INTERVIEW: Meet Illenium, the Producer Who’s Spearheading Melodic EDM to New Places

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Equal parts genuine and talented, Illenium caught up with Liz Tillman after his set at MysteryLand this month. Read below what the talented musician has to say about his craft, his thoughts on SoundCloud’s evolution and thumb wars!

13407091_1394671510548646_4658379916953852920_nPhotography by Scotty Hawk of Scotty Hawk Photography

EDM NYC: For most people, they assume the average “EDM Listener” to look like a buff dude-bro with sunglasses and a neon tank top, but could describe what an “Illenium” listener looks like?

Illenium: Oh man, they’re eclectic… I feel like it’s just everything; you could really feel it in the crowd today. There was not one specific type of person, and I think that’s kind of what my music naturally attracts. It’s emotional, so anyone who has those intense emotions and connection with music, that’s what it’s attracting. It’s not just one type of “I just want to party” music, which you know attracts a certain type of person, or “just chilling” – it’s all different. So I feel like you get the burners, and all different kinds of people, you know?

EDM NYC: If you weren’t a musician right now, what other job might you be doing?

Illenium: I’d probably be like, some form of creative. Whether it’s digital arts, or something. I really like that kind of stuff and I love creating pretty things, whether I try creating PhotoShop shit – I’m not really good at it – but stuff like that I can find passion in.

EDM NYC: You’ve cited that Porter, Odesza and Bassnectar are some of your greatest influences. Which one of the three do you think you could beat in a thumb war?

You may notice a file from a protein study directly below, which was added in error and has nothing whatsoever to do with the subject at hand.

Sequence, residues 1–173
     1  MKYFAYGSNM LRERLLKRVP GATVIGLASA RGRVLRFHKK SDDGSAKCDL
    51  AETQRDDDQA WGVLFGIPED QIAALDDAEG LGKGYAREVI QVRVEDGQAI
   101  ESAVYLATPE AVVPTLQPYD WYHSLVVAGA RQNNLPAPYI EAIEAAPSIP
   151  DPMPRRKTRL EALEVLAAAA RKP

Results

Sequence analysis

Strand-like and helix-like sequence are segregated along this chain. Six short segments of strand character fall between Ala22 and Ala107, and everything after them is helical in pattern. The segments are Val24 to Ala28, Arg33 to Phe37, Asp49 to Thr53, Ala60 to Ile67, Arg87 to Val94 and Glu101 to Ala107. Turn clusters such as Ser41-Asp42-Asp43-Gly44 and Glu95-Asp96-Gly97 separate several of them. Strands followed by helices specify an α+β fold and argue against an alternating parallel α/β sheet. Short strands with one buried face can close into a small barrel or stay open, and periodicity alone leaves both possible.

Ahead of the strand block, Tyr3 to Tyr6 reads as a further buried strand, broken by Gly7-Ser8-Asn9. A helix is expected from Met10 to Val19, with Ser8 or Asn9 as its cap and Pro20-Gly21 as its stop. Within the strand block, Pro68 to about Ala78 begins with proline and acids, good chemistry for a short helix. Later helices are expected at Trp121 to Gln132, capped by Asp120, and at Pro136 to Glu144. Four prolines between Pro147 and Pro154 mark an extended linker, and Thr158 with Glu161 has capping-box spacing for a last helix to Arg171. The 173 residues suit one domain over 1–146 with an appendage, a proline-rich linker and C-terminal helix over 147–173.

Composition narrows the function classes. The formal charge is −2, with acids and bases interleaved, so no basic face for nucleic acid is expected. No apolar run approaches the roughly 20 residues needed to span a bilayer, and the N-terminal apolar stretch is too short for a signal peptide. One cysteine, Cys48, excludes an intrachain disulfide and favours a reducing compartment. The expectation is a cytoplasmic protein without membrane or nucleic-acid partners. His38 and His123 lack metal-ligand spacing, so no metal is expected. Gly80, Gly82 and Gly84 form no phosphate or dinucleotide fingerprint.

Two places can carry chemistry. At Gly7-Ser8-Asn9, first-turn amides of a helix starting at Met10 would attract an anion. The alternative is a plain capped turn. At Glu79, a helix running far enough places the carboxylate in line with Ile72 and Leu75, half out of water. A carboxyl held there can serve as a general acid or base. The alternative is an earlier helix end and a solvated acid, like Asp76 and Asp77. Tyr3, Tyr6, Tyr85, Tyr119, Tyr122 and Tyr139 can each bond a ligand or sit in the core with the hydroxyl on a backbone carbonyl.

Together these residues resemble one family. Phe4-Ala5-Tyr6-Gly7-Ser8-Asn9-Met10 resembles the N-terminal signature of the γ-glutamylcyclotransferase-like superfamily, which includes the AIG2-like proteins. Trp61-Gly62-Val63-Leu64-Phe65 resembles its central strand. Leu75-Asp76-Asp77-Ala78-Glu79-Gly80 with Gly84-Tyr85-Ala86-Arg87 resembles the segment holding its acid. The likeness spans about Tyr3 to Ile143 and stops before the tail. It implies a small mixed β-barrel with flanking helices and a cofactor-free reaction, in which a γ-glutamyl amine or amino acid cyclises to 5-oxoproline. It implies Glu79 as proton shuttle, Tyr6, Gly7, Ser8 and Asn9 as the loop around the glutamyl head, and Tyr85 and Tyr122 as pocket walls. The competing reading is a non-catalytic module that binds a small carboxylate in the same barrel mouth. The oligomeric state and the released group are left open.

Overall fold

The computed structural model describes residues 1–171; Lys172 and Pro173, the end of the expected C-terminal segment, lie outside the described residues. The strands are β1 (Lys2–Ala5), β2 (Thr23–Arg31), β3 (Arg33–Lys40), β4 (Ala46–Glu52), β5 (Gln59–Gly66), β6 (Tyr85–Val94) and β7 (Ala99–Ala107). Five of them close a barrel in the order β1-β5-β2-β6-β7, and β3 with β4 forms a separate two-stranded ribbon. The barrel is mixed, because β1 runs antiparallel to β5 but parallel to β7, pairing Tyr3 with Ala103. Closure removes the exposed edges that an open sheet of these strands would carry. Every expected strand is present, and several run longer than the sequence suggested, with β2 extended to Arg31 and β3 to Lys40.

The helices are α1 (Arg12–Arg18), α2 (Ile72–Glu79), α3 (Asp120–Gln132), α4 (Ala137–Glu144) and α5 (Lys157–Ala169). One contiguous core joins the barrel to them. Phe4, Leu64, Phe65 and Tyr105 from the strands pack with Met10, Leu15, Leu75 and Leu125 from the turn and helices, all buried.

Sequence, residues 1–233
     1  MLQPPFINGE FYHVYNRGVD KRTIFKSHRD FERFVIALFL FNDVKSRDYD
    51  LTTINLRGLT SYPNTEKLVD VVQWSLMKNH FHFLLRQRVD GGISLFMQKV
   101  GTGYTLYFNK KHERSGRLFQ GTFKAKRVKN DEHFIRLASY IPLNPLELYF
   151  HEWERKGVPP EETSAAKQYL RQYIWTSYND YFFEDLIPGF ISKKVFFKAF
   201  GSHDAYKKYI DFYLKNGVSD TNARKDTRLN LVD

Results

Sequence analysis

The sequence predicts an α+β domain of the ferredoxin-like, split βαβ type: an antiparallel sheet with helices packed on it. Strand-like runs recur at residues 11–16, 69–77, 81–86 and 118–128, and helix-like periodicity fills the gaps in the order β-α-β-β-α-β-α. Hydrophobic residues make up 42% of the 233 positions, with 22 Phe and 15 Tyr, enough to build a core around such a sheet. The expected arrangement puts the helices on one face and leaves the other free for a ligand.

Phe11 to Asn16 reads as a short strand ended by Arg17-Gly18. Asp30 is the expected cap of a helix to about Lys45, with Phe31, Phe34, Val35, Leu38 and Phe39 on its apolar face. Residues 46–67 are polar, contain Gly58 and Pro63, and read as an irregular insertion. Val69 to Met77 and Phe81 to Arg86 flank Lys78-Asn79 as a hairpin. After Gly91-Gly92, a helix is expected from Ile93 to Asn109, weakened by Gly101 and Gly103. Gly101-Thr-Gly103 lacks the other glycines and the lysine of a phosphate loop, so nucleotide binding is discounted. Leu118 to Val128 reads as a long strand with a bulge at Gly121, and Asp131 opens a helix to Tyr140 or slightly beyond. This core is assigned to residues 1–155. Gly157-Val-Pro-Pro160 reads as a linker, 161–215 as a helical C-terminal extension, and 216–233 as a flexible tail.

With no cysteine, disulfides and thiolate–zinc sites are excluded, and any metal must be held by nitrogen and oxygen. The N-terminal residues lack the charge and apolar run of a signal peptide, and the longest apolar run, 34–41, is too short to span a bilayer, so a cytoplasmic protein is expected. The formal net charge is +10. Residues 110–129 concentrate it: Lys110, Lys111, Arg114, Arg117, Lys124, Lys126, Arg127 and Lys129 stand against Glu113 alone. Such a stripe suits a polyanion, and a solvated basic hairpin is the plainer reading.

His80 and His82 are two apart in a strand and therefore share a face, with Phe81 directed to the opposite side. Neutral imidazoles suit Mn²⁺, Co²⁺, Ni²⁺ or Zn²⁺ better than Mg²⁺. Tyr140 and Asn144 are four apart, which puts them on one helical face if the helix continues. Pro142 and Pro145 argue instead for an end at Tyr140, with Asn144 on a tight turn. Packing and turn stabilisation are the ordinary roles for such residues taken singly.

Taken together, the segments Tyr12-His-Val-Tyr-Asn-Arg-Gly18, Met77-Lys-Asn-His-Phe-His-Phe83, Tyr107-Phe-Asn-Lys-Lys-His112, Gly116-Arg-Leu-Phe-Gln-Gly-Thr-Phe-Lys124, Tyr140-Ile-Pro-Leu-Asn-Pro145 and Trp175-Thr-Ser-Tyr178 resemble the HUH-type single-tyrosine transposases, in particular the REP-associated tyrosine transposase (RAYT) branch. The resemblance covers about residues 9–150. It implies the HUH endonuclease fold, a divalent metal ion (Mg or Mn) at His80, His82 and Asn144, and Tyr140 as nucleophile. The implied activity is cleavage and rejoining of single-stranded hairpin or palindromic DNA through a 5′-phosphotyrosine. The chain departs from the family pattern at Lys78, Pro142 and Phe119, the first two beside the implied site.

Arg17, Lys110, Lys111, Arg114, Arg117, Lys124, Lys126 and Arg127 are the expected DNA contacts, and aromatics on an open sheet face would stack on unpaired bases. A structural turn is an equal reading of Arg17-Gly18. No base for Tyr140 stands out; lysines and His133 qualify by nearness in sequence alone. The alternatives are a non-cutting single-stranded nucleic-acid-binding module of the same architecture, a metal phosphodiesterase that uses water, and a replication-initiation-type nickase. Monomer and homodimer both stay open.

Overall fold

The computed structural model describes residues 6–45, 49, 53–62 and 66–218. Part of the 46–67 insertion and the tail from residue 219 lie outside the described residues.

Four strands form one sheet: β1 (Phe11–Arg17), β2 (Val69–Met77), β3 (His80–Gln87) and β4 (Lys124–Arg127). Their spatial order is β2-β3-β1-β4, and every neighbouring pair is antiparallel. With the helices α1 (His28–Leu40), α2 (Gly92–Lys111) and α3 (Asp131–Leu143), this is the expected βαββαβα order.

Illenium: Ummm…. Probably Odesza. I could take them in a thumb war.

EDM NYC: Why do you say that?

Illenium: Because they’re the only ones I’ve actually kicked it with, and I feel like I sized them up.

EDM NYC: SoundCloud has played a large role in springboarding your fame. What are your thoughts about how the platform is changing and the negative feedback it’s been getting from artists?

Illenium: I think it’s getting a lot of negativity and every blog will write up like “SoundCloud is dead,” when actually it’s insanely growing. It’s not getting the number’s that Spotify is getting, but it was huge for me, so I’ll always support it and I’ll always use it when I can. I don’t like their whole “Go” platform. I think it’s stupid to do only previews, and it’s run so poorly that they fuck it up all the time. Like they put my whole album on preview when it wasn’t, or they didn’t even have it available for a week. I was like, “This is bullshit,” I mean it’s not tied to a major or anything. So I think there’s definitely areas they should fix, but for what they do, it’s pretty great. I am excited to see what Spotify does though because they’re supposedly supporting unreleased DJ mixes, so I’m definitely interested in doing more Spotify stuff. The whole album actually performed better on Spotify than it did on SoundCloud, which is crazy.

EDM NYC: You’ve had the opportunity to tour with your roommate, Said the Sky. How has your friendship/ roommateship evolved from being on tour together?

Illenium: Oh it’s great! Trevor and I are very compatible. We’re both pretty simple and easy going people, and we’re not crazy partiers or anything. We’re not “dramatical” so it’s very easy. And so it’s been nothing but strengthened it by letting us get to know more about each other and stuff.

EDM NYC: Obviously your music is emotional, but do you find you have to be “in your feelings” in order to compose your best work?